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If it’s not too late to pick my favorite reads from 2012, I offer Jim Holt’s Why Does the World Exist?: An Existential Detective Story. It’s a wonderful look at some of the big questions about how we came to be, who we are, and what it all means. The book offers a mix of…

Favorite from 2012: Why Does The World Exist?

If it’s not too late to pick my favorite reads from 2012, I offer Jim Holt’s Why Does the World Exist?: An Existential Detective Story. It’s a wonderful look at some of the big questions about how we came to be, who we are, and what it all means. The book offers a mix of science and philosophy that sets your mind on a quest to answer some of life’s questions and read even more from the many authors whom he interviews and whose work he summarizes. Here’s a description from Barnes and Noble:

“While most of us have been doing our laundry or answering our mail, essayist Jim Holt has been pondering the Ultimate Big Question: Why does the world exist? To track down the most plausible answers, this apparently tireless investigator sought out maverick scientists, eccentric philosophers, Eastern religious sages, and even the venerable John Updike. The possibilities that he discovered are, depending on your temperament, either awe-inspiring or downright frightening: One of his interviewees suggests that God might be a renegade physicist hacker. A cerebrum-stimulating read.”

From Book Beast:

Posted by Joel on January 19 2013 • Books

Ode to a Flower

Courtesy of Brain Pickings, Richard Feynman’s famous ode to a flower and knowledge, animated.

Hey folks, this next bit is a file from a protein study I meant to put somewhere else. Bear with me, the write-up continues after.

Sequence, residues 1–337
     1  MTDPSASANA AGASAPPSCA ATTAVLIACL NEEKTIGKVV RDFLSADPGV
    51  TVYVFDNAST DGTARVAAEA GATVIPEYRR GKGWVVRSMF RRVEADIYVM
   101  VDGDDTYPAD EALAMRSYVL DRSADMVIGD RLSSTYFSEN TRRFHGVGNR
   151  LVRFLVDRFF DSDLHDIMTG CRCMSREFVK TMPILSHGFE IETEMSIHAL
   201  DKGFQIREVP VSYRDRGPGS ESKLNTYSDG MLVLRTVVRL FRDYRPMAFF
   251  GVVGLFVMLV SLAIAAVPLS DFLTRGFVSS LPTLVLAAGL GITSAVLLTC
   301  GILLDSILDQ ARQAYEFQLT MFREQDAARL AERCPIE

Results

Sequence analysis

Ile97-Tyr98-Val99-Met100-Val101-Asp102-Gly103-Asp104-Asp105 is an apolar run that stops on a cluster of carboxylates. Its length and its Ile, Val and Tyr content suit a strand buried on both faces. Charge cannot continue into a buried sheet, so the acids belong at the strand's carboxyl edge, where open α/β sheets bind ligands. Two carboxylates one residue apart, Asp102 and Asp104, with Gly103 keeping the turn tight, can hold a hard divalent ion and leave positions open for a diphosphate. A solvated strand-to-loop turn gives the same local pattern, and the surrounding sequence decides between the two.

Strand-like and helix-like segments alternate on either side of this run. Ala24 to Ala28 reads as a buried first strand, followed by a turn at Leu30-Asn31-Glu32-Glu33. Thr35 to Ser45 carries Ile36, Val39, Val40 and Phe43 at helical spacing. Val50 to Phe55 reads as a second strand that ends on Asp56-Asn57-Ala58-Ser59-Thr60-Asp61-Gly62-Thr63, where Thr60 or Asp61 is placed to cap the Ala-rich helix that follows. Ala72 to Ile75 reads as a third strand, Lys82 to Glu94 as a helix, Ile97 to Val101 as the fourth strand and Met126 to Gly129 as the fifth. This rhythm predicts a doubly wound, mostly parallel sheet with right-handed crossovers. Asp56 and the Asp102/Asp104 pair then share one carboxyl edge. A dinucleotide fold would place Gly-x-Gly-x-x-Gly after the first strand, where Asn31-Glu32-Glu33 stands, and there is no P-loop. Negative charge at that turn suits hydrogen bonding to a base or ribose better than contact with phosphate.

Posted by Joel on January 06 2013 • Multimedia

Lincoln: the movie and the president

So how close is Lincoln depicted by Daniel Day-Lewis in the current film to what historians believe was the historical personality? Pretty close, actually. The New York Review of Books has published an interesting story about the film. Here is writer David Bromwich on Lincoln’s voice:

“It is a commanding performance and a credible one. Day-Lewis has squeezed his usual voice into a thinner, higher, reedy instrument, with a gravelly roughness under it. The voice curls into a growl: there is hardly a day in January when Lincoln is not taxed almost beyond endurance. We can be sure somebody working on the picture read an account of Lincoln’s speaking voice, for it had some of these properties, yet it showed a strange power: not booming and baritone, indeed not resonant in any obvious way, but by all accounts close to a high alto; it could irritate at first but after a few paragraphs his listeners would stand enthralled.”

Posted by Joel on January 05 2013 • Books